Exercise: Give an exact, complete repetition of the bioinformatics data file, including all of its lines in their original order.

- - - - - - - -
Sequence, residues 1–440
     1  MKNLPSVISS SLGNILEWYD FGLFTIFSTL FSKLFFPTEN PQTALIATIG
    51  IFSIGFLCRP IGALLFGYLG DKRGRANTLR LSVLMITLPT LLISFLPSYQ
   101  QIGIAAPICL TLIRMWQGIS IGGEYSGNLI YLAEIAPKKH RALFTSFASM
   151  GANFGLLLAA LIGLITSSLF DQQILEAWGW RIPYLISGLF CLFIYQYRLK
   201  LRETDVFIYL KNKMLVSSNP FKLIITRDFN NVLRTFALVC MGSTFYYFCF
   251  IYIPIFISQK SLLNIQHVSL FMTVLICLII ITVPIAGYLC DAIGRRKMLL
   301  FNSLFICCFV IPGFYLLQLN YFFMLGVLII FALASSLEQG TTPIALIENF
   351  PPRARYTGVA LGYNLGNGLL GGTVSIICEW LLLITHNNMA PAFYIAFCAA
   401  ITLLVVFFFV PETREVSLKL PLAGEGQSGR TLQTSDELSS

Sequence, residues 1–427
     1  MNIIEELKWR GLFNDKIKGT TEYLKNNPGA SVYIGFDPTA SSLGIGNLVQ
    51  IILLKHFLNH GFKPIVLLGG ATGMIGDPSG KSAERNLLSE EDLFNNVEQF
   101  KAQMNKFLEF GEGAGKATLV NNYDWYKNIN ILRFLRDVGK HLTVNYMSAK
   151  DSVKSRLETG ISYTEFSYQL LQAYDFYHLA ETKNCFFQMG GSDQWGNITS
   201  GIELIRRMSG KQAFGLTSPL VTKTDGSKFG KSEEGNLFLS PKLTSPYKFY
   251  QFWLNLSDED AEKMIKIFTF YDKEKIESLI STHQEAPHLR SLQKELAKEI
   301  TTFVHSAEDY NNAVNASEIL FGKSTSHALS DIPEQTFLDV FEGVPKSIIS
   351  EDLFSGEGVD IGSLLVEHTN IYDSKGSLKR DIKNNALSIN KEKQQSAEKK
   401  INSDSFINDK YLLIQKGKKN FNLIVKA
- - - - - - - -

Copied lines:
Sequence, residues 1–440
     1  MKNLPSVISS SLGNILEWYD FGLFTIFSTL FSKLFFPTEN PQTALIATIG
    51  IFSIGFLCRP IGALLFGYLG DKRGRANTLR LSVLMITLPT LLISFLPSYQ
   101  QIGIAAPICL TLIRMWQGIS IGGEYSGNLI YLAEIAPKKH RALFTSFASM
   151  GANFGLLLAA LIGLITSSLF DQQILEAWGW RIPYLISGLF CLFIYQYRLK
   201  LRETDVFIYL KNKMLVSSNP FKLIITRDFN NVLRTFALVC MGSTFYYFCF
   251  IYIPIFISQK SLLNIQHVSL FMTVLICLII ITVPIAGYLC DAIGRRKMLL
   301  FNSLFICCFV IPGFYLLQLN YFFMLGVLII FALASSLEQG TTPIALIENF
   351  PPRARYTGVA LGYNLGNGLL GGTVSIICEW LLLITHNNMA PAFYIAFCAA
   401  ITLLVVFFFV PETREVSLKL PLAGEGQSGR TLQTSDELSS

Sequence, residues 1–427
     1  MNIIEELKWR GLFNDKIKGT TEYLKNNPGA SVYIGFDPTA SSLGIGNLVQ
    51  IILLKHFLNH GFKPIVLLGG ATGMIGDPSG KSAERNLLSE EDLFNNVEQF
   101  KAQMNKFLEF GEGAGKATLV NNYDWYKNIN ILRFLRDVGK HLTVNYMSAK
   151  DSVKSRLETG ISYTEFSYQL LQAYDFYHLA ETKNCFFQMG GSDQWGNITS
   201  GIELIRRMSG KQAFGLTSPL VTKTDGSKFG KSEEGNLFLS PKLTSPYKFY
   251  QFWLNLSDED AEKMIKIFTF YDKEKIESLI STHQEAPHLR SLQKELAKEI
   301  TTFVHSAEDY NNAVNASEIL FGKSTSHALS DIPEQTFLDV FEGVPKSIIS
   351  EDLFSGEGVD IGSLLVEHTN IYDSKGSLKR DIKNNALSIN KEKQQSAEKK
   401  INSDSFINDK YLLIQKGKKN FNLIVKA